Jose Santos Garcia, a 27-year-old asylum-seeker from El Salvador who crossed the border with his 8-year-old daughter, Brenda, received a jet-black ankle monitor and a charger packaged in styrofoam when he was released in McAllen at the end of June.
"At least for me, it's humiliating to carry it — really like some prisoners, on house arrest,” Garcia said. "Just for entering another country, looking for opportunity, I have to carry this."
As recently as eight weeks ago, families who crossed the border illegally, often fleeing violence and poverty in Central America, were separated at Border Patrol facilities, with parents handed to the Department of Justice for prosecution and children transferred to shelters for immigrant minors under a "zero tolerance" policy enacted by the Trump administration in the spring. Amid widespread outcry, President Donald Trump ended the family separations in late June, effectively restoring a more lenient system in which migrant families are allowed to leave detention while their asylum claims are processed.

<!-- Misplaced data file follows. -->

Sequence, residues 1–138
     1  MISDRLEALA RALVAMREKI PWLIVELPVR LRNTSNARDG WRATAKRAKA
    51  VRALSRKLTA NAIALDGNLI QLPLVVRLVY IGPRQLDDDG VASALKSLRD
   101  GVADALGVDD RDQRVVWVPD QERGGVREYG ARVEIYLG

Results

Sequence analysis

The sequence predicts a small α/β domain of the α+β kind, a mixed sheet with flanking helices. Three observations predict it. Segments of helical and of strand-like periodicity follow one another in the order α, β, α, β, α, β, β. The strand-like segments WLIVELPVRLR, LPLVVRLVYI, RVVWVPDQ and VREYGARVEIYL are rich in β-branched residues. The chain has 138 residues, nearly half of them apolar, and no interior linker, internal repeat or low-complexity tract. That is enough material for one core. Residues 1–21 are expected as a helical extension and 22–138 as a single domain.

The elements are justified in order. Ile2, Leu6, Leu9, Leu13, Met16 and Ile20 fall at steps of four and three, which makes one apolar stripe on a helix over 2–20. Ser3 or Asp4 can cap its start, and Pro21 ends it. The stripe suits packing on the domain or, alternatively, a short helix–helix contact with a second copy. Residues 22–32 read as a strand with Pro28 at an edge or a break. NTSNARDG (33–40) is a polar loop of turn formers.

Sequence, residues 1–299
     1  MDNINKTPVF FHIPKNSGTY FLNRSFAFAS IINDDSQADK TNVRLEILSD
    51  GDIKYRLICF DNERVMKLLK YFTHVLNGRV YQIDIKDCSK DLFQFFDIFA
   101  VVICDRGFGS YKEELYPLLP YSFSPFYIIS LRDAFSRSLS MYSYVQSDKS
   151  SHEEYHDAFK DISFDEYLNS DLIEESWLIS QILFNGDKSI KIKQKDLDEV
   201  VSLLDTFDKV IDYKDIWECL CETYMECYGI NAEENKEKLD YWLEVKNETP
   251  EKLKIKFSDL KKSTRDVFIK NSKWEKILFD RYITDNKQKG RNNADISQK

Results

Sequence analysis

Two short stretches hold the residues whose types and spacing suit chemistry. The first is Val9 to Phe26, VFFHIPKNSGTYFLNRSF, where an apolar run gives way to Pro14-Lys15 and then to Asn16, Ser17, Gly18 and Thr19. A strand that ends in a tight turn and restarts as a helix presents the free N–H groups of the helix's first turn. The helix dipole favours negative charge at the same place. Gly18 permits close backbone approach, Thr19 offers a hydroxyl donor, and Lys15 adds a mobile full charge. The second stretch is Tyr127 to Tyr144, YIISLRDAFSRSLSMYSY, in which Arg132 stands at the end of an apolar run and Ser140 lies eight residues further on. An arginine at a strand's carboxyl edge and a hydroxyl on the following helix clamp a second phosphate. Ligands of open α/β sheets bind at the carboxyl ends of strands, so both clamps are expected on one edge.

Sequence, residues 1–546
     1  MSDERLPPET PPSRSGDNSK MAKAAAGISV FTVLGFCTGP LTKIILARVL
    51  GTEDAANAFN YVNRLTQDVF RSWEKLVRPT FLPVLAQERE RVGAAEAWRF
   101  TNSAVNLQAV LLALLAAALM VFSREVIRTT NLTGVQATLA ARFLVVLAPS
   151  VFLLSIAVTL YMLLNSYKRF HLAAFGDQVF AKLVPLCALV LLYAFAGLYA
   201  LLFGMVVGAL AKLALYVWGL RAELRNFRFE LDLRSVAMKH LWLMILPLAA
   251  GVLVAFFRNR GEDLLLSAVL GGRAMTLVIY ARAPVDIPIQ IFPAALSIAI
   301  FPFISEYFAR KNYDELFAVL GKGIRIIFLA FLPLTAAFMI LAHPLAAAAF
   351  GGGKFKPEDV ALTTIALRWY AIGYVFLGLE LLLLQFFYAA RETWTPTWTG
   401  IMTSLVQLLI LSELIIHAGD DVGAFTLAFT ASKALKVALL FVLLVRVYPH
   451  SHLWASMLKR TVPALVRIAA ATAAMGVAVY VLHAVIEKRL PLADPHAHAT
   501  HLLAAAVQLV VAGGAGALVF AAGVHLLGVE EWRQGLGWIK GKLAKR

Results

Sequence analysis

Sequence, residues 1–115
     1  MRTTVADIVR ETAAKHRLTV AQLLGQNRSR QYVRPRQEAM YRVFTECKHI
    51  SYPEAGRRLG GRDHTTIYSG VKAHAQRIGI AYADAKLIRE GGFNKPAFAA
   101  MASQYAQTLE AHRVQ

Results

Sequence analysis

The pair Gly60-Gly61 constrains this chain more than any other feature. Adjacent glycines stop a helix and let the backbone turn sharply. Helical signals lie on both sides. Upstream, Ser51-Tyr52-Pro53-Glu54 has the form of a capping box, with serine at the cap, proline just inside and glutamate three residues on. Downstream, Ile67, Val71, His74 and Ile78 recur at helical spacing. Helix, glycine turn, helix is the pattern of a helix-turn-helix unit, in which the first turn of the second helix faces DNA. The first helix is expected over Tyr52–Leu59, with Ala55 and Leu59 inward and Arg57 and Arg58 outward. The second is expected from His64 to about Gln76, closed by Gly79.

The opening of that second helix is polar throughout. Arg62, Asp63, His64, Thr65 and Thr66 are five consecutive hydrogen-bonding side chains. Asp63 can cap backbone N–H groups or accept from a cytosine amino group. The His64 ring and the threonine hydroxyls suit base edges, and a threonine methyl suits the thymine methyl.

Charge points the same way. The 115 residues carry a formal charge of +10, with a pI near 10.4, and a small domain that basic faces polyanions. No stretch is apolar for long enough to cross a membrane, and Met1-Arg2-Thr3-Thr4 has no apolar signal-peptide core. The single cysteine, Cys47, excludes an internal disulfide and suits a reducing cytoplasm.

Conservative critics dismiss this practice as “catch and release,” and Trump has called it a “disgusting” and “disgraceful” loophole in immigration law.
Adrienne Peña-Garza, the chair of the Hidalgo County Republican Party in South Texas, said she has concerns about the government's return to the practice. Migrants "are human beings and we need to treat them as such," she said. "But we have to encourage people to follow the law."
For these immigrants, however, release from detention does not represent a free pass into the United States. Even though they've been released with their children at their sides, asylum-seeking parents face a complex set of everyday challenges once they leave government custody — starting with the devices around their ankles.